Resilience against early-life stress in female rodents is captured in dendritic morphology of basolateral amygdala
Lee, Yan Jun
Date of Issue2015
School of Biological Sciences
The increasing prevalence of early-life stress (ELS) in recent years and the fact that it has been shown to increase the susceptibility to develop psychopathologies in adulthood have spurred numerous studies to investigate the relations between ELS and emotional regulation. Since basolateral amygdala (BLA) is crucial for mood regulation and involved in the neural circuitry mediating stress responses, BLA disruption is a potential underlying mechanism for the emergence of these neuropsychiatric disorders. Despite this, there were limited studies on the effects of ELS on the neuronal morphology of BLA. Moreover, the plausible confounding effect by estradiol often results in the exclusion of female subjects, albeit significant gender-specific differences in stress responses were demonstrated. Therefore, we examined the effects of ELS, in the form of maternal separation (MS), on the dendritic architecture of BLA neurons in female rats. We revealed no significant alterations in the total dendritic length and number of branch points in BLA neurons following MS. We further speculated the involvement of estradiol in maintaining the hippocampal plasticity and basal corticosterone levels, thereby accounting for the unaltered BLA plasticity in females. This study serves as a start in probing the vast possibilities that account for the resilience against ELS.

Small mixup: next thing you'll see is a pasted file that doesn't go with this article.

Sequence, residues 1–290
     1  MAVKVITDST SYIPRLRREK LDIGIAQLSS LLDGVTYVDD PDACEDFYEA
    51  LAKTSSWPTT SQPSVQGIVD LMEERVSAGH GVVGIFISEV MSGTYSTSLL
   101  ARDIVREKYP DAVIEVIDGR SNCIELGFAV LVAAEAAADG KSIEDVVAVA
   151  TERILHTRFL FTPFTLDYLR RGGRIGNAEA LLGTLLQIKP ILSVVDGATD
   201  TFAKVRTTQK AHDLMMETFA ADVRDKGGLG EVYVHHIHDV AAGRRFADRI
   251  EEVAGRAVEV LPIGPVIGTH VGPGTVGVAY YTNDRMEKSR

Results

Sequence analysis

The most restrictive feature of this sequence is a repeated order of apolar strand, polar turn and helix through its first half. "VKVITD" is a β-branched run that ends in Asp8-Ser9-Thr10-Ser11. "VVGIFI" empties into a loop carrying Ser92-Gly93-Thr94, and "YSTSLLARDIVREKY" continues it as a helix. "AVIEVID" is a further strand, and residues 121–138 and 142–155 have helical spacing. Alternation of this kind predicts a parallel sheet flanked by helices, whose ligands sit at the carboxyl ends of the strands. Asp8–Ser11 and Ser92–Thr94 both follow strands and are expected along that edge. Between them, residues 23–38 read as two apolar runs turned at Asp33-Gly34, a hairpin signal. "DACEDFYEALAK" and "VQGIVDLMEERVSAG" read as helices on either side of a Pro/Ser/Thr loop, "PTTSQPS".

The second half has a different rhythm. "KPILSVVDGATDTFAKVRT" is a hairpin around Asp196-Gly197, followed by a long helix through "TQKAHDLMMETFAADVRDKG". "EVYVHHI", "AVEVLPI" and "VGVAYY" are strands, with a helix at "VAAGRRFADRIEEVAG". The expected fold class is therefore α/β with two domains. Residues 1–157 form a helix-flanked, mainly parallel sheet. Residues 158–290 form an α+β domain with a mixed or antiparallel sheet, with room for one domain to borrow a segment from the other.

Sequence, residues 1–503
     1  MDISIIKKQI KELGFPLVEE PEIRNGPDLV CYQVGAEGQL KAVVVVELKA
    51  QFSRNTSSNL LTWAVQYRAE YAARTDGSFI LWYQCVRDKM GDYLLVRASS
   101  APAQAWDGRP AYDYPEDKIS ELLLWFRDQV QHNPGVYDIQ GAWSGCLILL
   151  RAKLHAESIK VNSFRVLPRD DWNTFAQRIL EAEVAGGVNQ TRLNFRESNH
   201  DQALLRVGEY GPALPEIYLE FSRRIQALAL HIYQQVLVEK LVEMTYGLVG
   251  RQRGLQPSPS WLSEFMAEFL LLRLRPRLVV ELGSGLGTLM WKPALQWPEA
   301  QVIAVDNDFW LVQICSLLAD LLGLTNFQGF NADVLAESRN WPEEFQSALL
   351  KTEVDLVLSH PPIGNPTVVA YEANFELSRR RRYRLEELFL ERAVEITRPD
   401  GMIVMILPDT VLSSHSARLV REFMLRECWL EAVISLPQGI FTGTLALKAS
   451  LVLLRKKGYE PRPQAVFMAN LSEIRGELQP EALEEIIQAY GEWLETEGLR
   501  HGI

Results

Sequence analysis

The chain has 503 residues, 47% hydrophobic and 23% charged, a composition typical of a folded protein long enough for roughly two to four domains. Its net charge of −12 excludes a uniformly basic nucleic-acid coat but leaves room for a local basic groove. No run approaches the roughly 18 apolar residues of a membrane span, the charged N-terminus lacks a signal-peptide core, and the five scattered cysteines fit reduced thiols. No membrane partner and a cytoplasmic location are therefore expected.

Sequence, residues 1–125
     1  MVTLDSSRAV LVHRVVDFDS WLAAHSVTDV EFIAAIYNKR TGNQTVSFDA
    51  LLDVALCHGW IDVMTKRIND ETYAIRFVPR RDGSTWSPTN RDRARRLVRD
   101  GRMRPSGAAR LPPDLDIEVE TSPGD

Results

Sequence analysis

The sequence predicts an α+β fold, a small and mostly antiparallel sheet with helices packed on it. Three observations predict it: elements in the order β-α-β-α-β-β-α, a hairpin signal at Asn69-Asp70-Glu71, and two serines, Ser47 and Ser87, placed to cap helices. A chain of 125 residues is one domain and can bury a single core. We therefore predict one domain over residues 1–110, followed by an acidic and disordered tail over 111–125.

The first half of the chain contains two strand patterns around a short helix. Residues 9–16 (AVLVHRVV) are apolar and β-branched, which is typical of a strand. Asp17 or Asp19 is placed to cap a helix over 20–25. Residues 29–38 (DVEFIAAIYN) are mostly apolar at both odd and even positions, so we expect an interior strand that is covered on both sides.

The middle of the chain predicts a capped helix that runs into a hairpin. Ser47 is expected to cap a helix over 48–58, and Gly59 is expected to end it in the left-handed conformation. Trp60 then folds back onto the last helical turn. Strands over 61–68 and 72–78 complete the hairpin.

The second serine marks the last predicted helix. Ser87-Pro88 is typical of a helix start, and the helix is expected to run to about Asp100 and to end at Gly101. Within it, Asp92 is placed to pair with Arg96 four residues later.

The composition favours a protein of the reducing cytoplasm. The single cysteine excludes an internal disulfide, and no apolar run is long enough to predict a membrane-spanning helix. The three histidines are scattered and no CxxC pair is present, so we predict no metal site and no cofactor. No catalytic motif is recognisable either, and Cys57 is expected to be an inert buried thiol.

Final Year Project (FYP)
Nanyang Technological University